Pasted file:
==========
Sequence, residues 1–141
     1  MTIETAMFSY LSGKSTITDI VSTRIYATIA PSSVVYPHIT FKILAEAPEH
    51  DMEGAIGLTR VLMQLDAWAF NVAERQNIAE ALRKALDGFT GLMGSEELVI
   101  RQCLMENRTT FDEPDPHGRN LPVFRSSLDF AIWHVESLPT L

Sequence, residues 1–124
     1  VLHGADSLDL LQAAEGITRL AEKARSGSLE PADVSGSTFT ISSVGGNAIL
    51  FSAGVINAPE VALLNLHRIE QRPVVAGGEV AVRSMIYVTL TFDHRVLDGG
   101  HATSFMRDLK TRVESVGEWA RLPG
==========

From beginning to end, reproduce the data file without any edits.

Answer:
Sequence, residues 1–141
     1  MTIETAMFSY LSGKSTITDI VSTRIYATIA PSSVVYPHIT FKILAEAPEH
    51  DMEGAIGLTR VLMQLDAWAF NVAERQNIAE ALRKALDGFT GLMGSEELVI
   101  RQCLMENRTT FDEPDPHGRN LPVFRSSLDF AIWHVESLPT L

Sequence, residues 1–124
     1  VLHGADSLDL LQAAEGITRL AEKARSGSLE PADVSGSTFT ISSVGGNAIL
    51  FSAGVINAPE VALLNLHRIE QRPVVAGGEV AVRSMIYVTL TFDHRVLDGG
   101  HATSFMRDLK TRVESVGEWA RLPG